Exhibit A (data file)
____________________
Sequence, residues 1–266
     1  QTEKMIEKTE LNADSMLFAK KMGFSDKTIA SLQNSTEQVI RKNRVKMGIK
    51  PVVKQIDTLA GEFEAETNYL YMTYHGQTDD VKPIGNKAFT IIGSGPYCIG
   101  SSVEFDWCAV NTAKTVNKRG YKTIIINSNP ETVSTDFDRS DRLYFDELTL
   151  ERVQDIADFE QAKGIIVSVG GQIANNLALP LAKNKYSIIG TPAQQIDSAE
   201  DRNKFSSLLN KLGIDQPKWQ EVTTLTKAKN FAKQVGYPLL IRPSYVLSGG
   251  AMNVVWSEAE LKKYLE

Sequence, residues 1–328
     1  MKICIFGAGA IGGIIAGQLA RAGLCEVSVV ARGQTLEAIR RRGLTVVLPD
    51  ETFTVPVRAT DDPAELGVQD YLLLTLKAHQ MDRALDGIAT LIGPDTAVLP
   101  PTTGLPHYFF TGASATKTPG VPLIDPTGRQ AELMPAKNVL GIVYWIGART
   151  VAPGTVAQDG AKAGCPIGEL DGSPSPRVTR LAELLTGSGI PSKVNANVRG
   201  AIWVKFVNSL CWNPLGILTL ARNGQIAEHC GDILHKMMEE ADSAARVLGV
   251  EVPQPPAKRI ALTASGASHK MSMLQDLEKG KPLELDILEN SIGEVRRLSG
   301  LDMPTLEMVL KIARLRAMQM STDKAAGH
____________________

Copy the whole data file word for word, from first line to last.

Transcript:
Sequence, residues 1–266
     1  QTEKMIEKTE LNADSMLFAK KMGFSDKTIA SLQNSTEQVI RKNRVKMGIK
    51  PVVKQIDTLA GEFEAETNYL YMTYHGQTDD VKPIGNKAFT IIGSGPYCIG
   101  SSVEFDWCAV NTAKTVNKRG YKTIIINSNP ETVSTDFDRS DRLYFDELTL
   151  ERVQDIADFE QAKGIIVSVG GQIANNLALP LAKNKYSIIG TPAQQIDSAE
   201  DRNKFSSLLN KLGIDQPKWQ EVTTLTKAKN FAKQVGYPLL IRPSYVLSGG
   251  AMNVVWSEAE LKKYLE

Sequence, residues 1–328
     1  MKICIFGAGA IGGIIAGQLA RAGLCEVSVV ARGQTLEAIR RRGLTVVLPD
    51  ETFTVPVRAT DDPAELGVQD YLLLTLKAHQ MDRALDGIAT LIGPDTAVLP
   101  PTTGLPHYFF TGASATKTPG VPLIDPTGRQ AELMPAKNVL GIVYWIGART
   151  VAPGTVAQDG AKAGCPIGEL DGSPSPRVTR LAELLTGSGI PSKVNANVRG
   201  AIWVKFVNSL CWNPLGILTL ARNGQIAEHC GDILHKMMEE ADSAARVLGV
   251  EVPQPPAKRI ALTASGASHK MSMLQDLEKG KPLELDILEN SIGEVRRLSG
   301  LDMPTLEMVL KIARLRAMQM STDKAAGH